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Jaffurs Winery's cellar master Matt Brady is working the harvest in Australia's Barossa Valley and blogging about his experience for independent.com.

Paul Wellman

Jaffurs Winery's cellar master Matt Brady is working the harvest in Australia's Barossa Valley and blogging about his experience for independent.com.


Doing Harvest Down Under

Jaffurs Wine’s Cellar Master Matt Brady Goes to Two Hands Wine in Australia’s Barossa Valley


In the Southern Hemisphere, where grapes ripen from January to April, California winemakers can escape across the equator to participate in their second harvest of the year, gaining punch-down-worthy arms and valuable experience in a faraway land. Once such hotspot is Australia’s Barossa Valley, where wineries prepare for the flip-flopped harvest just as Santa Barbara’s crush wraps up and our wines are barreled down. This time around, Two Hands Wine will welcome Jaffurs Wine Cellars’ cellar master Matt Brady to its powerhouse shiraz production team for the first half of 2009. And Brady will be writing about his adventures for The Independent on his Wine About blog, open for business now at independent.com/wineabout.

Santa Barbara oenophiles and weekend tasting room hoppers have most likely interrupted Brady at Jaffurs rocking out to the Rolling Stones while climbing the barrels in the back of the winery. What started as a part-time tasting room job while at UCSB quickly became a full-blown career after graduation, when he took over as tasting room manager and cellar master in 2006. “I caught the wine bug,” he said, and has been staining his hands purple helping winemaker Craig Jaffurs and assistant winemaker Dave Yates produce world-class Rh’ne varietals-particularly syrah, grenache, and viognier-ever since.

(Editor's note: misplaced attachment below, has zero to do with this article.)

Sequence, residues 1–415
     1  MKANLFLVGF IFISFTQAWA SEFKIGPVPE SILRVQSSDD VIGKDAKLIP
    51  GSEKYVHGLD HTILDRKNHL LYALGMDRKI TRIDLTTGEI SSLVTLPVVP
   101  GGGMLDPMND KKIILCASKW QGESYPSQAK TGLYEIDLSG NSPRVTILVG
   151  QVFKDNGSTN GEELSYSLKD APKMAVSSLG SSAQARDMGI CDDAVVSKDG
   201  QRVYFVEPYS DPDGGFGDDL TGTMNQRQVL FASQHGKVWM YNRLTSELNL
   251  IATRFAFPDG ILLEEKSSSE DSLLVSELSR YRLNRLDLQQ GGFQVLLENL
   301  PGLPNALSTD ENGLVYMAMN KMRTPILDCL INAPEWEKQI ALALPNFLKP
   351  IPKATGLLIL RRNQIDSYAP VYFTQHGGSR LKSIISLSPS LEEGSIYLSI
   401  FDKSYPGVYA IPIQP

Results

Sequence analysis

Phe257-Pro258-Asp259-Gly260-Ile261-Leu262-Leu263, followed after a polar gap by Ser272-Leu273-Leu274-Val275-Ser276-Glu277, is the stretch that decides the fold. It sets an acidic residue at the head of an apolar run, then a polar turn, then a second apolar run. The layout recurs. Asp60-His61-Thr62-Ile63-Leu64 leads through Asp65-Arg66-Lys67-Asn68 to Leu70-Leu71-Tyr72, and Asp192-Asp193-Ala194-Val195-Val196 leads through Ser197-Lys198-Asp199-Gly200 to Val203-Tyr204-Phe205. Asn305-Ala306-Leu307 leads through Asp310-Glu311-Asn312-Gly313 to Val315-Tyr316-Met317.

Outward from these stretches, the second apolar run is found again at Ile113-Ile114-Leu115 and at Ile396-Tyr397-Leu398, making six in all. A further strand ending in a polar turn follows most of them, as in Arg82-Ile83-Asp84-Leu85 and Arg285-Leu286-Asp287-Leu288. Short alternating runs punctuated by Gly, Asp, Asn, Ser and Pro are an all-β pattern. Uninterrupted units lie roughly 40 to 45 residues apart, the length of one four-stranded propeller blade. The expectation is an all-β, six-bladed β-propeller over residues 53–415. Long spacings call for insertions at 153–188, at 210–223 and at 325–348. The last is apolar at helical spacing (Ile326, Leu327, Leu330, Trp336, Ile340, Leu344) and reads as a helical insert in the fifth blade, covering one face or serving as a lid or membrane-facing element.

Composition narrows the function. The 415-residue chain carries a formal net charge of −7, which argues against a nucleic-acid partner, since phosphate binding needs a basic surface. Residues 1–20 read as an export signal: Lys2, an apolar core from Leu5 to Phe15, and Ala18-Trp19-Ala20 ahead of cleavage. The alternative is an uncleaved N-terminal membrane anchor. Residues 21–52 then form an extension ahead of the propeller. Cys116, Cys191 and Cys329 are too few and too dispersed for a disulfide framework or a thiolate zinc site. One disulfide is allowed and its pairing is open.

Syrah is known and grown as shiraz in south-of-the-equator hubs from Australia to South Africa, but it is nonetheless the same grape. Two Hands is a premium shiraz producer from the Barossa Valley, but also bottles top-quality grenache and cabernet sauvignon from various geographic regions of Australia. Consistent reviews and stellar juice had Robert Parker pronouncing Two Hands as “the finest negociant operation south of the equator” in 2004. Its wines have earned spots on the Wine Spectator Top 100 list for the past five years, with two spots in the top 10, most recently the fifth place nod for the 2005 Bella’s Garden Barossa Valley Shiraz. The “two hands” in question are actually four, belonging to Michael Twelftree and Richard Mintz, who started the winery with Matt Wenk as winemaker in 1999.

As a harvest intern, Brady will work under Wenk with fruit from the wine districts of Southern Australia that form a ring around Adelaide. The stone cottage tasting facility (known as the Cellar Door) and winery are located in the sub-district of Marananga, but the regional diversity of the portfolio sources fruit from six distinct growing regions that include Barossa Valley, Clare Valley, Heathcote, Langhorne Creek, McLaren Vale, and Padthaway. Grueling hours spent guiding grapes from vineyard to barrel require more than just two hands, and the mutually beneficial relationship between winemaker and cellar rat provides a fast-paced education that develops and grooms interns to go off on their own one day.

The choice of location was the easiest part of the process,” explained Brady. “Any new winemaking experience is going to increase your skills and knowledge, but the similarities in the syrah/shiraz programs between Jaffurs and Two Hands made it a natural decision to choose Australia; and I have always wanted to see a kangaroo. At Jaffurs, we make seven different syrahs and Two Hands produces well over a dozen. The real focus starts with maintaining the quality and characteristics of the growing region and really being able to bring that to life in the finished wine.”

And that’s what he’ll be doing at Two Hands, which truly is near the top of the worldwide list for grape quality, production standards, and cutting-edge technology. As a New World winery, the Two Hands team very much embraces modern winemaking techniques, so Brady will be given ample opportunity to bring back a skill set that will prove useful to the Jaffurs’ already esteemed program. And maybe he’ll even bring back a kangaroo.

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Matt Brady is already working at Two Hands in Australia’s Barossa Valley, and blogging about his experiences at independent.com/wineabout. To sample Jaffurs’ wine, visit its tasting room Friday through Sunday, late morning to early afternoon, at 819 East Montecito Street. See jaffurswine.com or call 962-7003. Two Hands wines are available at The Winehound, Vino Divino, and other retailers in Santa Barbara.



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